The Cranfill Sumner Aviation Practice Group serves a variety of companies and individuals in the Aviation industry, all of whom have been significantly impacted by the current COVID-19 crisis. These are unprecedented times that require creative strategies, especially as the situation and the regulatory environment continues to rapidly change. We have been listening to the challenges our clients are facing and providing consultation on best practice strategies for coping with and handling the issues raised by the novel coronavirus. We wanted to provide a central location of resource information for our Aviation industry clients to help through these uncertain times. Our firm is open, working remotely, here to serve our Aviation clients’ needs.

Note: This article is current as of April 2, 2020 and consists of highlights from various resources, but does not include all information available on each topic. We recommend our readers check current FAA policies and regulations online as well as industry associations.  

FAA and FARs:

Has the FAA issued any rulings or orders regarding COVID-19 with which we need to comply in the aviation industry?

The FAA has issued a Safety Alert for Operators (SAFO), but no other directive or order on handling COVID-19 issues yet. The March 12, 2020 SAFO is directed at Air Carriers and Crews specifically, as opposed to General Aviation. The guidance identifies protocols for crews who still have travel or have layovers internationally and recommend heightened monitoring of the health of crews. There are also aircraft disinfection and cleaning procedures offered by the CDC and OEMs, which can be found here: NBAA-Aircraft Disinfection Procedures

Flight Review and Check-Rides:

What if I cannot complete a timely flight review, renew my medical certificate, or take a check-ride due to COVID-19? 

AOPA has urged the FAA to exert a “maximum amount of flexibility” during the crisis.[1] It appears the FAA’s primary concern has been managing the air traffic control system for safety, as well as providing guidance on emergency evacuation flights for American citizens returning home from abroad.[2] The FAA has also now developed a Flight Delay ATC command center resource, which can be found here:

The FAA noted that it is also “exploring contingency options” for AMEs regarding medical certificates, but still encouraged AMEs to follow CDC and local public health official guidance and to continue their normal examinations in the meantime.[3] Then, on March 26, 2020, the FAA issued an order suspending enforcement of airman medical certificate expirations.[4] AOPA reported on the key information from the Notice that “from March 31, 2020 to June 30, 2020, the FAA will not take legal enforcement action against any person serving as a required pilot flight crewmember or flight engineer who holds a medical certificate that expires within this time period.” For Part 135 operations specifically, the FAA has also noted that employers who are unable to administer random drug and alcohol tests during the pandemic will be allowed to increase testing at the end of the year to meet these testing requirements. Note, however, operators must submit a letter of intent to the FAA before the agency will grant the exemption.[5]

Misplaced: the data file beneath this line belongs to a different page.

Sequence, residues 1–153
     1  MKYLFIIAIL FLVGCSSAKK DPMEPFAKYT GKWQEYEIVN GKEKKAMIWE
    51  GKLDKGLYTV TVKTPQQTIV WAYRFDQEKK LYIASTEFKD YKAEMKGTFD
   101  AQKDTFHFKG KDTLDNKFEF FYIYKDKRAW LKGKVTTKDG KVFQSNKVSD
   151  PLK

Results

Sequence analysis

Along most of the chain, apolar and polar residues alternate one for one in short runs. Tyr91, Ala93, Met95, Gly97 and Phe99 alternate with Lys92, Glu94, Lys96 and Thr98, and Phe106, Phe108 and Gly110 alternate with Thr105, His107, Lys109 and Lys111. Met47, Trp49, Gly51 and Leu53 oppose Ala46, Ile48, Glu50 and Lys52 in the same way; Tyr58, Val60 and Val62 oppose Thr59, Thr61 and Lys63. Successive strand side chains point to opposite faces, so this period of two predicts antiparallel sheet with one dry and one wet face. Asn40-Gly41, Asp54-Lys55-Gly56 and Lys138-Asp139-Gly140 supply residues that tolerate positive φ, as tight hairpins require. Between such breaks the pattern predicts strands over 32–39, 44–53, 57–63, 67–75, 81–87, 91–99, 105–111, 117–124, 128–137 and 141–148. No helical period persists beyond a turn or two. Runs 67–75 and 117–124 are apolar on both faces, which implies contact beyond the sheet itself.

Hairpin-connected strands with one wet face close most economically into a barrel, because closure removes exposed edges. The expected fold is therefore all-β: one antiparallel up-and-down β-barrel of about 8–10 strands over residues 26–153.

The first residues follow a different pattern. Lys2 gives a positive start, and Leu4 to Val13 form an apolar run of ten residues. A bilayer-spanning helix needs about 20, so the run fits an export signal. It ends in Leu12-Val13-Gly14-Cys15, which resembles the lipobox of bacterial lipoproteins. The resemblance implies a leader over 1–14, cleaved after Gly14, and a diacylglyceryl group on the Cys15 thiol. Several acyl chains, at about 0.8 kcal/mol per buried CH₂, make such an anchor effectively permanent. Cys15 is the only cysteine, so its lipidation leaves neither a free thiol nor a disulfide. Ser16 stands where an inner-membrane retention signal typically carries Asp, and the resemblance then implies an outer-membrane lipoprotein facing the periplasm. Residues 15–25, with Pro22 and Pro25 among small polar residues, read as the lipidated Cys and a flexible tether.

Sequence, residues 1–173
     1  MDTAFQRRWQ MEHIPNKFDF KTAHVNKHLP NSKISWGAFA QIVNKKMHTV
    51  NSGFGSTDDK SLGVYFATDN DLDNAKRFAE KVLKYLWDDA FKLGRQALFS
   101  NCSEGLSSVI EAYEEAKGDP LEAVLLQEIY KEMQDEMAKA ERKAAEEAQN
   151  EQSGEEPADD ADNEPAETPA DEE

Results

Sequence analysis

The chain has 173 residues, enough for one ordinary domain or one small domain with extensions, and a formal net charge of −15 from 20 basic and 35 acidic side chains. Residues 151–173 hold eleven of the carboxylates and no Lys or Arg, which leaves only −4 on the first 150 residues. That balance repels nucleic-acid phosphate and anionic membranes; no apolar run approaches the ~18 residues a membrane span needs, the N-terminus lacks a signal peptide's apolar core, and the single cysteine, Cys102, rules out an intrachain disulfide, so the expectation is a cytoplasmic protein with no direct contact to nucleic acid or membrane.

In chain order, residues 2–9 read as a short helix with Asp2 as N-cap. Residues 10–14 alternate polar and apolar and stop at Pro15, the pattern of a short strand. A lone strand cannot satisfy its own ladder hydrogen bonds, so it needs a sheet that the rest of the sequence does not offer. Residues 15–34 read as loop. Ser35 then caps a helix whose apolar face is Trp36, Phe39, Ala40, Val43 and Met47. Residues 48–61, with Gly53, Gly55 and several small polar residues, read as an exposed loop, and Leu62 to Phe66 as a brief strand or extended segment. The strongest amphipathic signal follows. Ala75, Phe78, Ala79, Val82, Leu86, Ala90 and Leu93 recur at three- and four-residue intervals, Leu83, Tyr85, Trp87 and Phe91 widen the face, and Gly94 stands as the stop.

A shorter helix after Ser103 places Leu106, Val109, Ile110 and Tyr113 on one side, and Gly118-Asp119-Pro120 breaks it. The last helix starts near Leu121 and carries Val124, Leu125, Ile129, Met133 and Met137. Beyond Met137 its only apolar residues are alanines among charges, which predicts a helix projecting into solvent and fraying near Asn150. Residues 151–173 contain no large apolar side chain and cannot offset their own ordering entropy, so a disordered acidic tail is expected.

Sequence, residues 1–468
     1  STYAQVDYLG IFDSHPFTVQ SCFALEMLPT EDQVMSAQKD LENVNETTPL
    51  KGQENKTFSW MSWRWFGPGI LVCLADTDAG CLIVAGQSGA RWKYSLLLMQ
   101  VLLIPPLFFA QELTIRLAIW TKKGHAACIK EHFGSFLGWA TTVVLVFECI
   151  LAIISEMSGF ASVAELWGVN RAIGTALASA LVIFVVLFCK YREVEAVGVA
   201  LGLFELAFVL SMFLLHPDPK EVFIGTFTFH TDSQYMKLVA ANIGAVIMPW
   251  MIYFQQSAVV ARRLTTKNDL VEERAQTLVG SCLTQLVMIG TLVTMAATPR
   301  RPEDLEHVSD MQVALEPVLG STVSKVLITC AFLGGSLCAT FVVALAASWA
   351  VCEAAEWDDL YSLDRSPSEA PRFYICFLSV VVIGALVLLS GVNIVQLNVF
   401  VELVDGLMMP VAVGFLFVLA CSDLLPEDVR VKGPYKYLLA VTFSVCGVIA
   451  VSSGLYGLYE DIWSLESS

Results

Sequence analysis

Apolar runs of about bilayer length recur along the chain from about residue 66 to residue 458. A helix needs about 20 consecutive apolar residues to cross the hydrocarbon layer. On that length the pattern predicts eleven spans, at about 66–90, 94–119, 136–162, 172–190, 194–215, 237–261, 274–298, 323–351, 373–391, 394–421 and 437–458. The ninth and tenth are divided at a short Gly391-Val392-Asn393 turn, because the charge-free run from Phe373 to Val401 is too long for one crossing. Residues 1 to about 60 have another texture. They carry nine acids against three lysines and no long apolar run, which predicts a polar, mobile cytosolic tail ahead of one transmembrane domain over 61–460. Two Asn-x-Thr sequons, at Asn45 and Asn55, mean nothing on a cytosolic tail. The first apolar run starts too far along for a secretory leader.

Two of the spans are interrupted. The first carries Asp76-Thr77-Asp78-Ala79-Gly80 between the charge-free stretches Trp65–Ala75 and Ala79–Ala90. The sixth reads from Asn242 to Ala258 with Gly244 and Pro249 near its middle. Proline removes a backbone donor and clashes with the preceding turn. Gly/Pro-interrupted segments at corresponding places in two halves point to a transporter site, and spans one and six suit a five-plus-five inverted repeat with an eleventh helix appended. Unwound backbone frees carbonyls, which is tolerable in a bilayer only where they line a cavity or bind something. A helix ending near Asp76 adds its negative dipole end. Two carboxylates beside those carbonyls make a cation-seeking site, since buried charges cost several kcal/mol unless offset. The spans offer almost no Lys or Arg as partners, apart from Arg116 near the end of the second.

On March 31, 2020, the FAA announced it will award $10 Billion in funds to commercial and general aviation airports under the CARES Airport Program. All COVID-19 related FAA news can be found here:

Flight schools and airports:

Does my flight school need to shut-down and/or implement additional protocols due to COVID-19?

It is highly recommended that flight schools and everyone in the aviation industry update their “Preflight” checklists to include sanitation/disinfection of the cockpit and, most importantly, the flight controls. Reports have now shown that the virus can live and remain infectious sometimes for hours and up to 3 days on various surfaces.[6] Thus, some flight schools now require that each student pilot wipe down and sanitize the flight controls and surfaces at the end of each flight as part of the check-out process, and each student pilot must sanitize the flight controls and surfaces as part of the pre-flight process. These procedures are particularly useful for aircraft that are flown in quick succession like trainer-aircraft. Some companies are also requiring cleaning and disinfecting of the supplies maintained at the dispatch desks and disallowing use of shared headsets. 

While no order specifically has shut-down flight schools, some flights schools have voluntarily shut down operations due to COVID-19 exposure potential and in an effort to comply with social distancing requirements. Practically speaking, some FBOs at airports have suspended operations which makes it impossible for some flight schools to continue flights. However, at this time, there is no law or directive from the FAA that requires flight schools to cease operations, and each company needs to take into consideration the risks their employees/staff and customers might face in continuing operations, and if they continue to operate, should take precautions and provide protection to its flight crew, instructors, and student pilot customers.